TOWNES VAN ZANDT: March 7, 1944 – January 1, 1997
Originally published March 7, 2014.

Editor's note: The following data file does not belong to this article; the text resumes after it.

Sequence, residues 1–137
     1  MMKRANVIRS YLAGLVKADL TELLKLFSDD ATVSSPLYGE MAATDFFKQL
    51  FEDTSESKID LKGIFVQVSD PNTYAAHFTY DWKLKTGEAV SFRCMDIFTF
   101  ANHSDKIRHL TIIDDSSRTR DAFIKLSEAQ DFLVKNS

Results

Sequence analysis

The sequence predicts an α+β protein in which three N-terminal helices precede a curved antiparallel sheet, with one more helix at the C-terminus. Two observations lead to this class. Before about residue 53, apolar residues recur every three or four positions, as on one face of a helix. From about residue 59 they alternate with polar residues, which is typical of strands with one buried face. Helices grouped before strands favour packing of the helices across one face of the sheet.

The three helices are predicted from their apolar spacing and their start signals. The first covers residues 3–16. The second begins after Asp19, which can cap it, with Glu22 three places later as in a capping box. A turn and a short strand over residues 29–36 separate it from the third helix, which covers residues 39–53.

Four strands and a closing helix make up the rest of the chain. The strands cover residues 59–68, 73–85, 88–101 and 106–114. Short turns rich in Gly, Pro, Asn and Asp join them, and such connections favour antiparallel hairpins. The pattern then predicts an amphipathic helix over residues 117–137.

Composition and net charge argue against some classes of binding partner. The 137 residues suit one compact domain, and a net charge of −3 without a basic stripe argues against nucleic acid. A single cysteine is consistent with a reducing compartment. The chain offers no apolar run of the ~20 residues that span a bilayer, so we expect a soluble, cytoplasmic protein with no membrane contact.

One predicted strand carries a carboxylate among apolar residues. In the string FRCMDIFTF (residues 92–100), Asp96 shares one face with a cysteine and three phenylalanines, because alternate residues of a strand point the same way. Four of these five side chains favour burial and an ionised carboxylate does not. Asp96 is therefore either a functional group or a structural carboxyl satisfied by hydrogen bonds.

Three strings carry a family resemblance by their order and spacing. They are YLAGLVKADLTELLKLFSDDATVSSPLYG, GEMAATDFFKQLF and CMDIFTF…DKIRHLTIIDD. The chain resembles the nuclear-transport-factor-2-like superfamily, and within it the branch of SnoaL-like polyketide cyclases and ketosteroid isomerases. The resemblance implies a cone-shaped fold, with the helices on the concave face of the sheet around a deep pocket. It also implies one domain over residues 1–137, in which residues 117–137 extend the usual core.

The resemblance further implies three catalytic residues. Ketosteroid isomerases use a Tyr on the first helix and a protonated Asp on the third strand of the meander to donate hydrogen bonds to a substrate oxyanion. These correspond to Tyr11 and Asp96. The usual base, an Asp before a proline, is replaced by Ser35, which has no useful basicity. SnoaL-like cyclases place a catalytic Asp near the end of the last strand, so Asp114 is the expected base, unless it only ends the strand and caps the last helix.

I remember reading a 'zine review of a Townes Van Zandt show that lasted less than three minutes. Van Zandt arrived at a small bar/restaurant late, and in front of a crowd of maybe two dozen, with no soundcheck and just an acoustic guitar, Townes plugged in, stared at the ground, dropped the guitar from his lap and began weeping. In the review, nobody moved to help him. The moment was awkward, and Van Zandt was a bad drunk and drug abuser with some clear signs of mental illness and for a small group of fans, nobody quite knew what to do. So one of the people in the crowd offered him some pizza. In a moment of great emotional upheaval, sometimes all you can do is offer a token of kindness, and let a person know that you recognize their pain. Van Zandt eventually apologized a number of times, and then left. Normally, this is the kind of life-defining moment in an artist's career, the moment where the emotions are too great and the feelings too raw and the emotional collapse comes in the most open and vulnerable moments. These are the moments went artists either find their strength, or wither in die. Except in Townes Van Zandt's case, it was a fairly standard show from the late 80s. I've heard a number of similar stories, and the time I saw Townes lives was anything but enthralling. He was drunk and seemed fairly uninterested in what he was doing. Not uncaring, just preoccupied. I'd discovered Townes in high school after hearing Willie Nelson and Merle Haggard's recording of his song "Pancho & Lefty", and something grabbed me in his lyrics. This was odd, considering I was a high school kid in a respectably-middle class suburban Chicago neighborhood in the '80s, long before country music was considered hip or cool. And yet, Townes Van Zandt's songs spoke to me at a very early age. Songs of drunkenness and spousal abuse and heartbreak and robbery and drug abuse somehow resonated with a kid who -from the outside - had no worries bigger than which car he would drive to the junior prom. But the dark parts of Townes lyrics spoke to the part of me that had already given up my belief in humanity. For years, Townes music would act as part of the soundtrack to my own self-destruction. As I would fall deeper and deeper into loneliness and depression and isolation and self-destruction, Townes songs made more and more sense, and gave credence to the degradation I was feeling. Like the narrators of Townes' song, the actions of my life may have been sad and stupid and self-destructive, but as he said in the first song he ever wrote, "Sometimes, it's easier than just waitin' around to die."